In 1999, though, Buford was gone, taking his school-record 2,116 points with him. A recruiting class that included Kyle Korver and Terrell Taylor came in, and both would help replace Buford’s scoring. But it was Sears who quietly turned his finest season as a Jay, improving in every single statistical category. He shot 42.4% from the floor, improving on his 35% shooting from the year before, and made 67 three-pointers, connecting at a 34% clip. He averaged career-bests in points per game (11.9), rebounds (3.7), assists (175), assists per game (5.3), steals (80), and points scored (394). He was second-team All-MVC, led the team to a second-consecutive MVC Tournament title and second consecutive NCAA Tournament berth — and was the MVP of the MVC Tournament after averaging 7 assists, 3 steals, 10 points and 5 rebounds in a tourney in which he played all but five minutes of his team’s three games!

Sears had eleven games with at least 7 assists, and had a season-high 9 in a raucous home win over #23 Iowa at the Civic. He played 37 minutes in that game, scoring 19 points, grabbing 6 rebounds and 2 steals as the Jays pulled the upset, 85-76. In a January game against Southern Illinois, he again played 37 minutes, scoring 25 points with 8 rebounds, 8 assists and 3 steals in a 72-66 win. He also scored 23 in an ESPN Big Monday tilt against Colorado State on February 8, going 8-10 from the floor with 5 assists and 4 steals. And in their NCAA Tournament matchup against Auburn, he played 38 minutes, scoring 18 points with 4 rebounds, 8 assists, and 2 steals.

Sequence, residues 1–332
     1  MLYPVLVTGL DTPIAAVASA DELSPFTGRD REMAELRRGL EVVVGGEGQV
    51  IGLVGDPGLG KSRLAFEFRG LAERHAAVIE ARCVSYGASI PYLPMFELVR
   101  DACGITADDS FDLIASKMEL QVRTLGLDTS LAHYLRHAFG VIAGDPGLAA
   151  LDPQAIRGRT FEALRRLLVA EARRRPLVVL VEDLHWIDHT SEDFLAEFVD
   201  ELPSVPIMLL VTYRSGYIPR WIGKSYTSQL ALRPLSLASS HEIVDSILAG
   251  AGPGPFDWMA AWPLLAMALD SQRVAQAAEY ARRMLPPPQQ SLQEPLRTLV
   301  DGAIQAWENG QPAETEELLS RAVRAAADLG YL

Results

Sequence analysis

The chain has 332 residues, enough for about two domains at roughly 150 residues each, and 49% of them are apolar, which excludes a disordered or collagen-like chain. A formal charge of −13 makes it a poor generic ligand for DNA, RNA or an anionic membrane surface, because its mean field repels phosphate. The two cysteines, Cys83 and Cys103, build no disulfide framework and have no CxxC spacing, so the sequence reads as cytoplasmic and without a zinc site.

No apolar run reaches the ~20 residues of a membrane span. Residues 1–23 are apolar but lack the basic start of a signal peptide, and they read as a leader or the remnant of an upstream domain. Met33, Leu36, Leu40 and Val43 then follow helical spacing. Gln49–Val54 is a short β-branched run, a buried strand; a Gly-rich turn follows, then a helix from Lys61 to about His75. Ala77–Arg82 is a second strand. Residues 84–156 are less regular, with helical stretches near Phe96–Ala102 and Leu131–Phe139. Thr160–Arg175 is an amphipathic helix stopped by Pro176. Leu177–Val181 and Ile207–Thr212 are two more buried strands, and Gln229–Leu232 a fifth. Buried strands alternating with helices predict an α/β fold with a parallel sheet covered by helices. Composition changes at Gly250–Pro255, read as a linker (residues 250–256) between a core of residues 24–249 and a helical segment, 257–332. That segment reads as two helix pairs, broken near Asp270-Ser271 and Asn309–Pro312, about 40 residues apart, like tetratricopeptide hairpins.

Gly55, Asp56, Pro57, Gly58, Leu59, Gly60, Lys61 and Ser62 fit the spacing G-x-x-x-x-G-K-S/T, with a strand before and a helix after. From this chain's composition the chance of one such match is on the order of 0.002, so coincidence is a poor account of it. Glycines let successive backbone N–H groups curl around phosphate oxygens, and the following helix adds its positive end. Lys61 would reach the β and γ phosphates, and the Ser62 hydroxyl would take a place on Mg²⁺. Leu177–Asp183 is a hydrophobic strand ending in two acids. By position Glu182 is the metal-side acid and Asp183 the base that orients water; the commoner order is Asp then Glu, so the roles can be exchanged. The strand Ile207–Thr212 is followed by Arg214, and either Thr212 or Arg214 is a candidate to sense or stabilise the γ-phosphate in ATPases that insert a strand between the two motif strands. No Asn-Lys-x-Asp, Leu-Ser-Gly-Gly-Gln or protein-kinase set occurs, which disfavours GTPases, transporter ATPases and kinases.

He had more assists than turnovers in 31 of the team’s 33 games that year, giving them a ridiculous level of consistency at the point guard position that was the envy of every team in the Valley. In fact, he had more assists than turnovers in 82 of his first 92 games at Creighton. By the end of his junior year, he was already the school’s all-time leader in steals with 210, and was third all-time in both assists and three-pointers made — and was already the only player in CU history with 900 points, 400 assists and 200 steals in a career.

Entering his senior season, by any quantifiable measure he was already the finest point guard in CU history, and his stellar final season would merely cement that legacy. The Jays would go a perfect 14-0 at home in 2000-01, increasing their win total again with a 24-8 record, winning the only outright MVC Regular Season title of the Dana Altman era and earning the only at-large bid to the NCAA Tournament of the Altman era.